Transport for Quality of Life found that even if 100% of new vehicle sales were Ultra Low Emissions Vehicles by 2030, car mileage would still need to be reduced by between 10% and 20% if we are to limit global temperature rises to below 1.5 °C.

This is not about ‘converting’ drivers. It’s about giving everyone the choice to travel however they want – the choice to leave their car at home to walk to the local shop, allow their children to scoot to school along a safe street or feel empowered to commute to work on a bike.

It makes no sense to withdraw investment in active travel at a time of national financial strain, particularly when you consider it contributed £36.5 billion to the UK economy in 2021.

This came from a relatively modest investment from Government when compared to other transport modes.

As it stands, dedicated capital funding for active travel accounts for only 0.08% of the Department for Transport’s 2023/24 overall budget. No other mode of transport would have such short term, vulnerable funding.

The Department for Transport’s own analysis says that active travel schemes provide an average return on investment of £2.40 for every £1 invested. By its own calculations the Government is removing nearly £500 million in economic, social and environmental benefits through these cuts.

With repeated studies showing that walking and cycling improvements increase local retail spend by up to 30%, our high streets and local economies are dependent on people being able to get to them – and wanting to spend time there when they do.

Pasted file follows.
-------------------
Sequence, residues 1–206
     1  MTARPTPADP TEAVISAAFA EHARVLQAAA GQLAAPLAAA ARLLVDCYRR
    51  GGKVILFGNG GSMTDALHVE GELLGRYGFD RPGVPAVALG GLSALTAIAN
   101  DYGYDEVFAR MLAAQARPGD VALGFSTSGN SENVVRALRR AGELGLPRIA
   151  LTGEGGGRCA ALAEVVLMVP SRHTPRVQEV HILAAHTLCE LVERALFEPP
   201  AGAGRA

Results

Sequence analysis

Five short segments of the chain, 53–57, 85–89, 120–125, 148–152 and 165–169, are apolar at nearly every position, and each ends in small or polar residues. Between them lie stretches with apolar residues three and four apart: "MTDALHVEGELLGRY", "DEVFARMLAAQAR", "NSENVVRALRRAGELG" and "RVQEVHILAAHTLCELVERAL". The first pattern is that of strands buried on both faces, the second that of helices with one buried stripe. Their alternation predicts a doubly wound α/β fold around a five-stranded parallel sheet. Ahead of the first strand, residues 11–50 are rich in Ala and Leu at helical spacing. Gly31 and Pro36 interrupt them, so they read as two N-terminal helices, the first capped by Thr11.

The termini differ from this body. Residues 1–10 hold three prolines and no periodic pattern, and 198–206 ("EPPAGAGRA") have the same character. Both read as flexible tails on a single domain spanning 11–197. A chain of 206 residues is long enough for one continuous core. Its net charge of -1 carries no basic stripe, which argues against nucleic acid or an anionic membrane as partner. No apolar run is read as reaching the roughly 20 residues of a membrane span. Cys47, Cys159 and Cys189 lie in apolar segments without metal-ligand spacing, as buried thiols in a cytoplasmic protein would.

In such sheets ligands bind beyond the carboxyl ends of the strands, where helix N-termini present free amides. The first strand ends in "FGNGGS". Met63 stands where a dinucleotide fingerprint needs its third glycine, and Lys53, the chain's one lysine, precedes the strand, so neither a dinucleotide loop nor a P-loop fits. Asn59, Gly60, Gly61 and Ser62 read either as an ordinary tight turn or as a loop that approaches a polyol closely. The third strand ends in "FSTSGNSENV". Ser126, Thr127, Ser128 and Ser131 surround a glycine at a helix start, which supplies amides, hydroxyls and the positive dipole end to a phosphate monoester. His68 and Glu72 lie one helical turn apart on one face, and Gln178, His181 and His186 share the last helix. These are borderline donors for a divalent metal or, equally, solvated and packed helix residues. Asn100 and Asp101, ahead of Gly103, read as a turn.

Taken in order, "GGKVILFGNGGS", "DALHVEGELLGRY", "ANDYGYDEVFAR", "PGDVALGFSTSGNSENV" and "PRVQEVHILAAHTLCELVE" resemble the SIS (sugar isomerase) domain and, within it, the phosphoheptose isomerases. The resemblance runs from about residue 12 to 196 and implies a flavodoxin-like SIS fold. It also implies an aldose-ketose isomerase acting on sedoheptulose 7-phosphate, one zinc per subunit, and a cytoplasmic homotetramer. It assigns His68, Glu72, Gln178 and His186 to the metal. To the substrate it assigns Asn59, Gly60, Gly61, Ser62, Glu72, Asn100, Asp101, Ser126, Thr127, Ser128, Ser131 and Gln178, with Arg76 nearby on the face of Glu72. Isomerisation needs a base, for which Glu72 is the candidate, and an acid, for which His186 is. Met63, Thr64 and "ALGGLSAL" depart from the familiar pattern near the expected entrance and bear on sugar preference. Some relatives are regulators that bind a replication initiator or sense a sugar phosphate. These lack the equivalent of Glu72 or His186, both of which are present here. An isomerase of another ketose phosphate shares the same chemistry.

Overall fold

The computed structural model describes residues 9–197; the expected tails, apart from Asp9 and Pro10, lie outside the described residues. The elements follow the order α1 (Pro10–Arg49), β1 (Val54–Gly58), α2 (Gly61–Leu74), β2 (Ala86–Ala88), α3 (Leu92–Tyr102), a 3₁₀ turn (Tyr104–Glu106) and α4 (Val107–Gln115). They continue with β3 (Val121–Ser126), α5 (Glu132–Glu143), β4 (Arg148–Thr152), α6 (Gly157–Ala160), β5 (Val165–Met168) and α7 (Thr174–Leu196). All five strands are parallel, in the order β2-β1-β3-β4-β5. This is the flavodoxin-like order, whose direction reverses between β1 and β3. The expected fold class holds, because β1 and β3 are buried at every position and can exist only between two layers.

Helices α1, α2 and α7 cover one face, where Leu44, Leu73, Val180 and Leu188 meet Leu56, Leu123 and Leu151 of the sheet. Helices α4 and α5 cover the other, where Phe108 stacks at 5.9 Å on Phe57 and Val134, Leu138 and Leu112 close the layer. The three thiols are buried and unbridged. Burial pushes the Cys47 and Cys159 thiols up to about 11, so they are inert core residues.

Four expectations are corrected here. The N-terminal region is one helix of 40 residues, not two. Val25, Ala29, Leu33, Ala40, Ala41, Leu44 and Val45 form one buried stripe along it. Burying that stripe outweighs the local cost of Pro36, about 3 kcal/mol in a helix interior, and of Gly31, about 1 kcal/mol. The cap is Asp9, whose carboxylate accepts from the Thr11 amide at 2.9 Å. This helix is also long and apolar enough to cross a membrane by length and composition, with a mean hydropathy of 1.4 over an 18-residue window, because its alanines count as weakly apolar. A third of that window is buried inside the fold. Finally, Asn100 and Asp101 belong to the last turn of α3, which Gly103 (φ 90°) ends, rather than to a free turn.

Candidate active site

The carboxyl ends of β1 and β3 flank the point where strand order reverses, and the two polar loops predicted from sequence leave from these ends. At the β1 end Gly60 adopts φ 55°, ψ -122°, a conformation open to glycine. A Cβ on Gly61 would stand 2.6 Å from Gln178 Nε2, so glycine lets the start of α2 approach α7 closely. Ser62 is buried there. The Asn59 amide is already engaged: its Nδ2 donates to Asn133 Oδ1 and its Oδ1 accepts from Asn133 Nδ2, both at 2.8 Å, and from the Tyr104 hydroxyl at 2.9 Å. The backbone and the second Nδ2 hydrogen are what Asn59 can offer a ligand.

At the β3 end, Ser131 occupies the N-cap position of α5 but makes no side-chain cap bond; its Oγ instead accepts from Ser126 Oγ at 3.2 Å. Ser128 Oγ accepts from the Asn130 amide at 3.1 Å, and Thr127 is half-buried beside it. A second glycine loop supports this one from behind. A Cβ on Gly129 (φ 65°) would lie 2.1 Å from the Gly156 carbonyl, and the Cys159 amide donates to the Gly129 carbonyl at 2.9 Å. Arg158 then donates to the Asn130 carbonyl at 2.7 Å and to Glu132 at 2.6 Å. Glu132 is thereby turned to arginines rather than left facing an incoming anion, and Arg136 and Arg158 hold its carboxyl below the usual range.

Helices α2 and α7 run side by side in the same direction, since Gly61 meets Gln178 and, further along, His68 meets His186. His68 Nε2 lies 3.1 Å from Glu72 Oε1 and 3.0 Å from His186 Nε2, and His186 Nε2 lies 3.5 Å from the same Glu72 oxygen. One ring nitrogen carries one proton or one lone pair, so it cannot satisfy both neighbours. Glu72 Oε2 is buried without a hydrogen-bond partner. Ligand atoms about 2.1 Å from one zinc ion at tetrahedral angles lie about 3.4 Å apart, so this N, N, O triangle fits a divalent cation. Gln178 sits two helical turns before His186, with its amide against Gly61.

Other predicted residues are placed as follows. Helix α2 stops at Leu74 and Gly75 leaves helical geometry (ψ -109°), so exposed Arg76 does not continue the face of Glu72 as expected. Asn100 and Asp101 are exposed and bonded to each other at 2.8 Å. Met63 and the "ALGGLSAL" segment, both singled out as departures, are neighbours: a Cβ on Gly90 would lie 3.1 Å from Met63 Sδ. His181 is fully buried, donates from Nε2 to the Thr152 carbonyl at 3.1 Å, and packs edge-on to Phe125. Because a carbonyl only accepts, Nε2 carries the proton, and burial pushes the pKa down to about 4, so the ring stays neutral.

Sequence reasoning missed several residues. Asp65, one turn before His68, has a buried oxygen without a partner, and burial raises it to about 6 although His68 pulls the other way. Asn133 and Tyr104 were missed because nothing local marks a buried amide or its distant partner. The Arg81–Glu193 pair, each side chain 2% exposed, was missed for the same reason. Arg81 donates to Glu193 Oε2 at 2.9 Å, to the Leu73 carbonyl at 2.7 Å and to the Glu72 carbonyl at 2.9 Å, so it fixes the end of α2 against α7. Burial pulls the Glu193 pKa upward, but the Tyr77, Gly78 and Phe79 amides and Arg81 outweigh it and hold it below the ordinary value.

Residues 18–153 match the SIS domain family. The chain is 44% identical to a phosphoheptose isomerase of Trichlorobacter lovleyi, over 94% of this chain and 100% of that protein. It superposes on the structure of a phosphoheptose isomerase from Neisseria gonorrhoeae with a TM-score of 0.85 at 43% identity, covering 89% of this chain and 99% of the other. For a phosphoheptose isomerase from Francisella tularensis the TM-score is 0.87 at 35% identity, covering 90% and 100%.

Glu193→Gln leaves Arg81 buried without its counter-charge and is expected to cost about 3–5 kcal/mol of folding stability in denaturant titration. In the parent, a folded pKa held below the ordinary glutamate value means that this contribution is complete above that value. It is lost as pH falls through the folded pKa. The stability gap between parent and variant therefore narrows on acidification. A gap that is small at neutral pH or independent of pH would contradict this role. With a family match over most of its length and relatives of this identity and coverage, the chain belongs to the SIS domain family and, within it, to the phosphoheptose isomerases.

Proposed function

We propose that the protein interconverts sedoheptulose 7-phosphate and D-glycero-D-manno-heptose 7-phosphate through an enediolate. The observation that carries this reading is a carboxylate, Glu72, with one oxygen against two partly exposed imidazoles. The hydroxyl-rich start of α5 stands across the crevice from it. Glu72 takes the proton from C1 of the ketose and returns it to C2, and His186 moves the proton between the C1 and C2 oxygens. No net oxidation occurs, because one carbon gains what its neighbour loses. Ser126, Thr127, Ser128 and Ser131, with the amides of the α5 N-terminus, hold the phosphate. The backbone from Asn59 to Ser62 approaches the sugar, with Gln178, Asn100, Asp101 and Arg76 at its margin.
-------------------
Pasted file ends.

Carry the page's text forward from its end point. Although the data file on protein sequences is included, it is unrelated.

By keeping people active, walking, wheeling and cycling prevented 138,000 serious long-term health conditions and avoided more than 29,000 early deaths in 2021.

Improving such infrastructure is also a means of helping to make our society more inclusive.

Over a third of people on low incomes and a similar proportion of disabled people do not have access to a car. For many that do, it is becoming more expensive to run one. In the next five years, six million British people are preparing to get rid of their cars…we need the infrastructure in place for them to be able to choose to do so.

Following the initial announcement of the cuts in March, Sustrans and other charities called on the Transport Secretary to reinstate the funding, noting that in so many areas “these cuts will leave England lagging far behind other UK nations and London, at a time when we need to be raising the bar everywhere.”

The path to transport decarbonisation isn’t about any one mode of travel, but about fair funding to create an integrated system of sustainable transport including buses, trams, trains, walking, wheeling and cycling, and cars.

We need to think long term, building on the progress we’ve already made, not setting ourselves back and putting ever increasing pressure on future generations to undo this mess. We must give walking, wheeling and cycling the funding it needs, before it’s too late.